ScreamRide starts out attempting to become the next Roller Coaster Tycoon and delivers nauseating and dangerous experiences that push riders to the next level of insanity. With the lack of simulation elements the thrills inside ScreamRide feel shallow and unable to hold the attention of any avid gamer. There are points of charm inside the game, but usually it is watching the videos in between the thrill rides.

The campaign itself pulls humor into it as you strive to experiment on riders through various crazy roller coasters and equipment of mass destruction. After a few hours of playing the through the campaign you will find yourself enjoying sending a coaster or capsule into structures triggering explosives that bring down the towers. Sadly the physics in the game are not maxed out enough to provide strong chain reactions, but seeing the buildings come down still brings a smile to your face.

The building in the engineering stages inside ScreamRide are created in a puzzle format. Each level challenges you to lay down coaster track to reach specific goals and escape timed hazards. This mode was fun to play but in reality it was too advanced. With so many choices, it became overwhelming and too much to complete a simple coaster. When you are able to solve one of the more difficult scenarios you feel rewarded, but the interface always feels like it is the largest obstacle to overcome.

ScreamRide also allows you the ability to control the coasters and race them against time and trick challenges. As the magical driver you have the ability to speed up, break, lean left and right, and activate aggressive turbo boosts has you attempt to complete the roller coasters. Between the three different modes this is by far the most entertaining, but often ends up frustrating you to no end. It is completely easy to finish every coaster, since they all have a stop and start area. The problem is when you attempt to gain all commendations your car feels inconsistent and not as user friendly as you would expect.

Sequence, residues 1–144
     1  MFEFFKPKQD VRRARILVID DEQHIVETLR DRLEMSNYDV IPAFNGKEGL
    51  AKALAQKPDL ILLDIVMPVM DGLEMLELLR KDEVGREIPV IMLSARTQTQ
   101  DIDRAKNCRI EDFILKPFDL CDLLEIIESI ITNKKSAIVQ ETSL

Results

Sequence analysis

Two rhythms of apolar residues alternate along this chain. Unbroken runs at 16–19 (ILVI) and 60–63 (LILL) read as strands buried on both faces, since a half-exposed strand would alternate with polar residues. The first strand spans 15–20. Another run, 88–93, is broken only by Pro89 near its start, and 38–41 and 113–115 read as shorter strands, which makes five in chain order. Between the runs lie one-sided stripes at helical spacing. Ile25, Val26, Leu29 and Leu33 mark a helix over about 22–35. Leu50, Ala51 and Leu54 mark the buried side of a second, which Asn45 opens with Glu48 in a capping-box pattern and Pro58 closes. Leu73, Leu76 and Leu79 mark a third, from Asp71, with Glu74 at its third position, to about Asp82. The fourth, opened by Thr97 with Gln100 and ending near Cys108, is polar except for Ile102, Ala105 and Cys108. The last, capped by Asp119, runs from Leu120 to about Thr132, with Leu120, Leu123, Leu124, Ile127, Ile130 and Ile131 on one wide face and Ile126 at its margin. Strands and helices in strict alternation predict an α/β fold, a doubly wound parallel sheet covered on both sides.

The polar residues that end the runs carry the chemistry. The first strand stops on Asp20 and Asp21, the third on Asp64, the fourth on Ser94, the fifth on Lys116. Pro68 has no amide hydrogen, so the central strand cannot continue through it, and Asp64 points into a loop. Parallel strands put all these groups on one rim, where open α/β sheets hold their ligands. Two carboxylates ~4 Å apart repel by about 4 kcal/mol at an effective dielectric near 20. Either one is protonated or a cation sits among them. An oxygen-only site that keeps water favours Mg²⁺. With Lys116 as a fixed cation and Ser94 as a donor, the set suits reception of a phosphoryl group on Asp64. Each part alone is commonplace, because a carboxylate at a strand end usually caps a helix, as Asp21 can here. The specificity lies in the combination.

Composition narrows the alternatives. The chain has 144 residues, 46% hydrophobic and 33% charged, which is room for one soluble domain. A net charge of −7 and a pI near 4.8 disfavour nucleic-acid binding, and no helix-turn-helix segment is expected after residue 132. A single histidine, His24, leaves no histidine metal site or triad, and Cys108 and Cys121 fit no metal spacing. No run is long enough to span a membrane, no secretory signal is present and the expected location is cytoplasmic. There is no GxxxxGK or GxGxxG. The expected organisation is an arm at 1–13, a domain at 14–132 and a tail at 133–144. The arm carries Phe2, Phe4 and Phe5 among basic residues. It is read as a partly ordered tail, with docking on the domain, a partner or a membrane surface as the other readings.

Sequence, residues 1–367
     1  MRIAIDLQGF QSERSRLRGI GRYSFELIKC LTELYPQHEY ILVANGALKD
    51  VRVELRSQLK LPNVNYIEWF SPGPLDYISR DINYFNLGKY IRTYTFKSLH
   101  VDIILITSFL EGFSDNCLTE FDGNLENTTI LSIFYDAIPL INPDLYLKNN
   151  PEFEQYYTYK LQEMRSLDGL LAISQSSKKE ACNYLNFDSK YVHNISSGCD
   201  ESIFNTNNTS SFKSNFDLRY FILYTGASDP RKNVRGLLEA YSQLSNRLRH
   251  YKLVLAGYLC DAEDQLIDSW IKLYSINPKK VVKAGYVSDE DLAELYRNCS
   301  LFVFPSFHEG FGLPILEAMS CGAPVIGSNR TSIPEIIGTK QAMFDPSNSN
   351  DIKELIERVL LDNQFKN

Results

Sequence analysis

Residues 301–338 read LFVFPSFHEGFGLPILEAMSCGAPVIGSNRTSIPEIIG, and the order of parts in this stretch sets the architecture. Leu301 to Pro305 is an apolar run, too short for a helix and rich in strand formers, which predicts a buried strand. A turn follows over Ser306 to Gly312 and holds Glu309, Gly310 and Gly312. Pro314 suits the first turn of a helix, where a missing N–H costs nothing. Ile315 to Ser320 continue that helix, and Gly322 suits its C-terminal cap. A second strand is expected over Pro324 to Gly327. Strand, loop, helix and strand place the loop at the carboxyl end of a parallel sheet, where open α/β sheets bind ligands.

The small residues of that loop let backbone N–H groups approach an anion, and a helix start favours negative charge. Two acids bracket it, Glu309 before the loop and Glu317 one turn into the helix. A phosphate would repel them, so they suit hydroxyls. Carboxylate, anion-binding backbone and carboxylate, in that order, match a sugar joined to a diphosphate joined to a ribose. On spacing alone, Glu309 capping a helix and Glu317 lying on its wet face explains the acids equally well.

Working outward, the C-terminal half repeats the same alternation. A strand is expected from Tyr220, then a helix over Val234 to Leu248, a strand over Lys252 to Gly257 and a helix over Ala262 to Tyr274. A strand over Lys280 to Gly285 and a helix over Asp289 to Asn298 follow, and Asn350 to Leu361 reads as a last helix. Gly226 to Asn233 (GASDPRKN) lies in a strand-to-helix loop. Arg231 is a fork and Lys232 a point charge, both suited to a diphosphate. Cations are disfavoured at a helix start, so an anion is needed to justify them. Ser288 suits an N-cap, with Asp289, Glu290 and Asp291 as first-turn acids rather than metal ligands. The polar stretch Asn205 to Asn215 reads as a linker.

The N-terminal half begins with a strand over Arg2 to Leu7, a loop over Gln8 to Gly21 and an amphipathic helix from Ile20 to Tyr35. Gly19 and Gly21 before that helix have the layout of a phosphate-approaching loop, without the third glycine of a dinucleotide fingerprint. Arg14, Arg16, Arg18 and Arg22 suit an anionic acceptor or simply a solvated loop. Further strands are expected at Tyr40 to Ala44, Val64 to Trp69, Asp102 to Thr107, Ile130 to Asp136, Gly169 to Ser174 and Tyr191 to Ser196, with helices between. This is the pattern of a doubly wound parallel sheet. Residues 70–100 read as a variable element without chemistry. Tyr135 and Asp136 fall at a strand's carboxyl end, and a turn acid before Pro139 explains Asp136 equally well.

Using the three different modes ScreamRide has a good balance of variety, but in the later levels, players will face greater difficulties and less of what is entertaining about the game. The game transforms the Demolition stages evolve in precision stages and forgets about destruction, Engineering levels, trains your focus on little changes instead of creativity and the Coaster rides become more about precision maneuvering instead of all out speed. This is great news for gamers who never finish a game since the early levels have a stronger focus and provide the most fun inside the gameplay.

Something key to many gamers was the ability to build inside the sandbox. Sadly, with the over complex campaign at points the sandbox also loses its luster because many of the objects are not released until you reach milestones in the campaign. If you slowly move through the campaign to expand your sandbox your ability to build amazing rides is dwindled down by the same interface that destroys the campaign.
The majority of the fun from ScreamRide come early in the game, but disappears as you advance in the game with levels that become over complicated and less about fun. The frustrations will build on top every level and will end feeling like a hassle instead of a game.